Thursday, February 08, 2024

Katie Smith helping Upper Arlington girls basketball as volunteer assistant coach


The former Ohio State and WNBA star has shared her wisdom and experience with the Golden Bears


20 HOURS AGO (fEBRUARY 7, 2024)


Katie Smith is not only one of the greatest professional women’s basketball players to lace up a pair of sneakers, she’s also a well-respected basketball coach, who currently is the associate head coach for the Minnesota Lynx of the Women’s National Basketball Association (WNBA).

So when John Wanke was hired to coach the Upper Arlington girls basketball team in 2021, and heard from a mutual friend that Smith owns a home in the community, he decided to reach out to her to ask if you she would be willing to help out.

It took just a three-minute phone conversation for Wanke to convince Smith to join his coaching staff as a volunteer assistant coach, and the Golden Bears’ entire program has benefited greatly from her contributions over the past three seasons.

“That’s not an exaggeration to say that was the most productive three-minute conversation I’ve had on the phone,” Wanke said, with a chuckle. “Katie’s name by itself carries a lot of weight and she’s a huge presence, and I believe that great leaders surround themselves with people who are smarter than they are, so I wasn’t intimidated to bring her in.

“Katie’s arguably the greatest player of all time, and our girls are getting coached by someone who is likely going to be the greatest coach who they will ever learn from. I can’t imagine there are many high school coaches anywhere in the nation, who have earned three Olympic gold medals as a player and who also have her coaching experience.”

Smith said it’s been a pleasure coaching high school athletes for the first time in her illustrious career.

While playing basketball at Logan High School in southeastern Ohio, Smith first gained national attention when she was recognized as the Gatorade National Player of the Year as a senior. She capped her senior season by leading the Chieftains to the 1992 Division I state final, where they lost to Pickerington 53-46 in front of a record crowd of 12,385 fans at St. John Arena, despite Smith scoring a game-high 24 points.

“I’m having a lot of fun and getting just as much pleasure out of the experience as they are,” Smith said. “This is the first time I’ve been around high school basketball players this much since I was in high school, and it brings back a lot of great memories. There’s a certain innocence and excitement, because high school basketball is not a business, and they are doing it only because they love it.”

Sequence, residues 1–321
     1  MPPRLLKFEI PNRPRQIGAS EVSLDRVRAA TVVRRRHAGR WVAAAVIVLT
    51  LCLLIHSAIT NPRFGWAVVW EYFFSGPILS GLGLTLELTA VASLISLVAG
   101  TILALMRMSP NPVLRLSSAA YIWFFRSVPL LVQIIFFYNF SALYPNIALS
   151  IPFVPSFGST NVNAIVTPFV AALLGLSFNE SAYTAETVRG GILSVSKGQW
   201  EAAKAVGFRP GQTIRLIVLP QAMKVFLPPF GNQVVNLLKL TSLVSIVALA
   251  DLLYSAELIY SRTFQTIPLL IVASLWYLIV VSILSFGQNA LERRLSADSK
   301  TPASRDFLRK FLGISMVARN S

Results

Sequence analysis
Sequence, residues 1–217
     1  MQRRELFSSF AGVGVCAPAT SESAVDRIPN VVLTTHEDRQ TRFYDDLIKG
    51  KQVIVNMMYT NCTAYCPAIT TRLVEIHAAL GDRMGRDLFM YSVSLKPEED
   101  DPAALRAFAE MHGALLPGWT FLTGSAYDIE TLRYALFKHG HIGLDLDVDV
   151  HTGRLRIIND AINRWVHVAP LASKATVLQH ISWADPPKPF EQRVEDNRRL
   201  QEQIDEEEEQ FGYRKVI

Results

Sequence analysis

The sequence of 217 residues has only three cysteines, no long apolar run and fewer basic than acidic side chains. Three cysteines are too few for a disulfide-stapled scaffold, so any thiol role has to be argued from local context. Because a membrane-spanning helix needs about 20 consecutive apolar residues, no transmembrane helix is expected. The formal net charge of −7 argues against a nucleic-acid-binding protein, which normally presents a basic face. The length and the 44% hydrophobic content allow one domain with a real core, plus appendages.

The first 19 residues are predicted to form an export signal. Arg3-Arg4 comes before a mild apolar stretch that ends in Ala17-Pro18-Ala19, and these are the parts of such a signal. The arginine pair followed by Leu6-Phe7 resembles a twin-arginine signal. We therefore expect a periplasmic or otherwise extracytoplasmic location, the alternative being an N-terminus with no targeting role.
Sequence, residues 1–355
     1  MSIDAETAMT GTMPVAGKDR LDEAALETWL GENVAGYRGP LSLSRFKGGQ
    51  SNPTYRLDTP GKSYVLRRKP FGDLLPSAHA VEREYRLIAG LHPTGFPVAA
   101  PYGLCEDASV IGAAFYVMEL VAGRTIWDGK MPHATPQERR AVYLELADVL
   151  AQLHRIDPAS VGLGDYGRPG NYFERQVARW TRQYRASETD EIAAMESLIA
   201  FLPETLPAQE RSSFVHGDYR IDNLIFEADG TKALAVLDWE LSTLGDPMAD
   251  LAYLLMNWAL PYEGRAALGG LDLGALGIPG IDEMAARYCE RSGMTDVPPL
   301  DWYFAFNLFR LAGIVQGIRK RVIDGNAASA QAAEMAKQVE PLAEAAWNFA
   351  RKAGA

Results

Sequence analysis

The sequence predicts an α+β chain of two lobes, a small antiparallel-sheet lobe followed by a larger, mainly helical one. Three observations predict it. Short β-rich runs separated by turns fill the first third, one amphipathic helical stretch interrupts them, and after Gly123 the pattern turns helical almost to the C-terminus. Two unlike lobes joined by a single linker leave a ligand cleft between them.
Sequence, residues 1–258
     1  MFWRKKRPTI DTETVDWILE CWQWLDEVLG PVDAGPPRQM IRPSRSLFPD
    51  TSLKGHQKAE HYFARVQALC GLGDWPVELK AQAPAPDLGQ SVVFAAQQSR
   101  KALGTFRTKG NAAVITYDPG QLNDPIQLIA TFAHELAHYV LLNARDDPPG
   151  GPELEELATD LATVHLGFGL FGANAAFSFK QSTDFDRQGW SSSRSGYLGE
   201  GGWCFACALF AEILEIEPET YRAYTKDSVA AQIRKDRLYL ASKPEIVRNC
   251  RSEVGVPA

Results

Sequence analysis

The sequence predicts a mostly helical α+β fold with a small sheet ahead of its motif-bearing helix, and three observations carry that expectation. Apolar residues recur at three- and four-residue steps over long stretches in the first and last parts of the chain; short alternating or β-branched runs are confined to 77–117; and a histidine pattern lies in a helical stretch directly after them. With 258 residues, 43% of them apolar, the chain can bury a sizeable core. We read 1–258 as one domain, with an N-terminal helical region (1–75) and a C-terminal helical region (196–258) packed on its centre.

Smith helps out in a wide variety of ways, most notably working with athletes to help improve their individual skill sets.

Some of Upper Arlington’s players were a little intimidated by Smith when she first joined their program, but she quickly put them at ease and began making them better.

“Much like polish on a shoe, Katie helps refine things for our players to help them take their games to the next level,” Wanke said. “Katie could have an arrogance to her, because of what she’s accomplished, but she doesn’t. She has an amazing grace, empathy and humility that helps her blend in as one of the members of our team, and makes people comfortable around her.”

Smith sometimes has to miss practices, or more rarely a game, because of scouting duties for the Minnesota Lynx. She lives in Upper Arlington with her wife, Yesenia, and two children, Yesslynn and Lenin for about half the year, and lives in an apartment in Minnesota for close to six months.

“I wasn’t looking to be a high school head coach because that would be too much on top of my (WNBA) and family duties,” Smith said. “But John’s an awesome coach who has done an exceptional job of putting things in place, and he was supportive of me coming around to help out as much as I can.

“I feel blessed that I’m able to be around the coaches, kids and staff here at Upper Arlington.”

Upper Arlington senior point guard Quinn Buttermore said Smith makes a big impact in the time she spends with the Golden Bears.

“Katie has so much knowledge and insight, and she’s such a great resource as a coach,” said Buttermore, who is averaging a team-best 3.7 assists. “Whenever she chimes in in practice, it gets very quiet, because we know what she has to say is legit, meaningful and helpful.

“When we were struggling with our shooting in practice recently, she gave us pointers and told us to slow down and make sure we were shooting with good form. We listened to her, because whenever Katie shoots in practice, it always goes in. She’s definitely an amazing, one-of-a-kind coach and person.”

Smith also helps out with tactical advice during games.

“I have a certain system and scheme that I’ve put into place, but when Katie and my other assistants offer me feedback, I always listen,” Wanke said. “She offers a lot of invaluable feedback to us as coaches, as well as to the players.”

The Golden Bears are thriving under the direction of Wanke and his staff, which includes varsity assistants Kendal Glandorff, Brianna Lowry, Smith and DuJuan White, freshman coach Jarret Hubbard and volunteer assistants Jennifer Green and Jodi Green.

After finishing 3-14 overall during the 2020-21 season, Wanke’s staff led the Golden Bears to a 15-9 record the following season and a 17-7 mark last season.

This season, Upper Arlington is 16-3 overall and 7-2 in the Ohio Capital Conference-Central Division.

Elizabeth Hunt is averaging a team-best 16.9 points per game, followed by Ava Harrigan (6.5), Buttermore (5.5), Ella Hanky (4.6), Hannah Hunt (4), Tatum Thrush (3.8) and Lucy Martin (3.6). Thrush also averages a team-leading 7.5 rebounds and 2.4 assists.

“We’re playing with tempo, offensively and defensively, because we’re eight or nine deep on this team,” Wanke said. “We’re defending at a high level, primarily playing man-to-man, and it’s translating into wins. Our first three losses were by a total of seven points, so we’ve been competitive every game.”

Katie Smith poses on the bench with the Upper Arlington girls basketball team. Smith has been serving as a volunteer assistant coach o for the Golden Bears. Katie Smith